Thai Amnesty Paves Way for Thaksin’s Return

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Thai Amnesty Paves Way for Thaksin’s Return

Thailand’s parliament passes a controversial bill that will allow former PM Thaksin Shinawatra to return.

Controversial legislation that will grant an amnesty for thugs, politicians, protesters and military personnel caught up in the anti-government demonstrations of recent years has been passed by the Thai parliament. The bill will also allow for the return home of former Prime Minister Thaksin Shinawatra.

The parliament passed a second and third reading of the bill for a blanket amnesty early Friday with opposition groups, in particular the families of people killed in the riots, holding an all night vigil organized by the Democrat Party.

Thaksin has lived in exile since he was ousted by the military in a 2006 coup, launched after he and his family made nearly US$2.0 billion through the sale of telecommunications company Shin Corp to Temasek Holdings in Singapore. This also sparked the deadly yellow-shirt revolts and confrontation with Thaksin-backed red shirts.

His sister and current Prime Minister, Yingluck Shinawatra, has been a primary driver behind the bill and the threat of its passage had prompted accusations that political expediency was winning out over justice for those killed or injured in violent political confrontations.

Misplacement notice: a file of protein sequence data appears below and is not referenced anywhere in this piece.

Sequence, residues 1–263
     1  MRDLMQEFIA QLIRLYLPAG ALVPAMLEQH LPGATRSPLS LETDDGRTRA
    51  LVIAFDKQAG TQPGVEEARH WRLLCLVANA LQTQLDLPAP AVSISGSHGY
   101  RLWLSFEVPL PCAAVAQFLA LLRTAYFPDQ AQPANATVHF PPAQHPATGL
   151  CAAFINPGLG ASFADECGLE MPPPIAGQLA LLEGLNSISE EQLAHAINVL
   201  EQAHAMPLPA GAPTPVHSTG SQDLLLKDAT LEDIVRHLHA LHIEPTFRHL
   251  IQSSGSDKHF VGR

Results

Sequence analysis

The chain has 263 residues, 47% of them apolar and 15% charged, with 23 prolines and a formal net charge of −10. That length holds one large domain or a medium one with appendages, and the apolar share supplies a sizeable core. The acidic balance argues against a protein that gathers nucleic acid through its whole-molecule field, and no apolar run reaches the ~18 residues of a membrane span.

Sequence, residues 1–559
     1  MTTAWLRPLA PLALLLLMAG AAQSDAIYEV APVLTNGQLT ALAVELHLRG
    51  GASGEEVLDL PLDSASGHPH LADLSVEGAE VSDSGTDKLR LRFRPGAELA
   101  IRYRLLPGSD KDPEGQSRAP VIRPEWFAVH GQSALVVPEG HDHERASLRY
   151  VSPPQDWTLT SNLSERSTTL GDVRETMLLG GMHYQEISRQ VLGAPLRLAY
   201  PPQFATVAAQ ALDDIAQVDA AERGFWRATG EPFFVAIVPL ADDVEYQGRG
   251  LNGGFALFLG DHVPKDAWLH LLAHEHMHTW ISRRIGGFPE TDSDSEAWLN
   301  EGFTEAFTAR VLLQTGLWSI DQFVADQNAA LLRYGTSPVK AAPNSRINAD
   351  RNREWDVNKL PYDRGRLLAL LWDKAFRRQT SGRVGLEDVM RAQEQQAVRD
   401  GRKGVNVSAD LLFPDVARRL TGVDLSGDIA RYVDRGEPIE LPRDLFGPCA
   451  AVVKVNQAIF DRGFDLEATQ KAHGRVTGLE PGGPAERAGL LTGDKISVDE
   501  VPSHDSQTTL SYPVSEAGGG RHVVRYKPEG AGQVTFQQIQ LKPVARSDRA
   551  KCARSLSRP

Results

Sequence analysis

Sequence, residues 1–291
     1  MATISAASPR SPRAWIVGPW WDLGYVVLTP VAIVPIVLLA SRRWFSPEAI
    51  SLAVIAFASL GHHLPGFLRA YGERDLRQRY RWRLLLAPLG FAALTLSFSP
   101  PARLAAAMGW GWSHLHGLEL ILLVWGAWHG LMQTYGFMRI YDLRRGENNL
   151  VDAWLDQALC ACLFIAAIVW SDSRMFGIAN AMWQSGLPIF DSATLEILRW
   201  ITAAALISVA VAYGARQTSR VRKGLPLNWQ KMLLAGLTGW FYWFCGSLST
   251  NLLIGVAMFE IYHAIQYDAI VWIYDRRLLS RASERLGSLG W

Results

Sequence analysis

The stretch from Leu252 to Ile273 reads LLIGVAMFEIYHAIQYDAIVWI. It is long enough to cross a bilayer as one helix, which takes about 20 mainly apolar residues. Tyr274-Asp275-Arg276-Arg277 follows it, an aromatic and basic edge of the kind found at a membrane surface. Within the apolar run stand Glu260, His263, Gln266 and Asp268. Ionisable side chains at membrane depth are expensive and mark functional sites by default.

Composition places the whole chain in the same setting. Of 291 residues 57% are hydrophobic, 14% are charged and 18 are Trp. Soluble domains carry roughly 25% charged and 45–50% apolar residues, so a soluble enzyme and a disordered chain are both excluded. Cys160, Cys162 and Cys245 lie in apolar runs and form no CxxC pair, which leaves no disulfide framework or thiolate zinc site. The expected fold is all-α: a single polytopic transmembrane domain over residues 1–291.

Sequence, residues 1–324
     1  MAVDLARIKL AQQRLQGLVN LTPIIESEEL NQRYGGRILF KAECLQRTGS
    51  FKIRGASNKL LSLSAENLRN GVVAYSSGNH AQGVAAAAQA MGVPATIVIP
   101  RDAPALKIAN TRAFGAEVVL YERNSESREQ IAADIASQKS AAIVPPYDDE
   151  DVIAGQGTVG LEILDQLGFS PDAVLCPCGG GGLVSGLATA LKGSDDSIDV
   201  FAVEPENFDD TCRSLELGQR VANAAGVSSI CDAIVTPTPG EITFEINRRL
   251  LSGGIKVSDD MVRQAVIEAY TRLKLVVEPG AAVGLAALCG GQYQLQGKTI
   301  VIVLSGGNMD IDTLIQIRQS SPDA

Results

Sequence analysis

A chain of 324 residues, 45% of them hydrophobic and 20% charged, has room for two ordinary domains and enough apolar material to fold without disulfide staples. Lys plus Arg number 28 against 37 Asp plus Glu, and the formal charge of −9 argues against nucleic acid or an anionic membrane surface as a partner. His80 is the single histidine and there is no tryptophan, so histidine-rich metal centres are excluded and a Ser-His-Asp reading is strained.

More than 90 people were killed in anti-government riots in 2010 when tens of thousands of people camped in the heart of the city to try to force then Prime Minister Abhisit Vejjajiva to call early elections.

Prosecutors had just this week threatened to charge Abhisit and his former Deputy Prime Minister Suthep Thaugsuban with “causing others to commit murders and attempted murders” through orders they issued to end the nine-week occupation of downtown Bangkok.

Both men were opposed to the amnesty and said they were prepared to go to court to clear their names.

A court has found that Thai soldiers were responsible for the deaths of six protesters but with passage of the amnesty both former leaders should now be protected from prosecution – whether they like it or not.

The amnesty bill has also fed accusations that Thaksin is using his sister as a proxy to continue running his political and business empire from abroad, a charge her government and Pheu Thai Party reject, as opposed to returning home where he faces a two-year jail term for corruption.

The legislation offers an amnesty for all people involved in political protests from January 1, 2004 to August 8, 2013. An exception, perhaps not surprisingly, is for those charged under Section 112 of the Thai Criminal Code, also known as the lese majeste law.

Luke Hunt can be followed on Twitter at @lukeanthonyhunt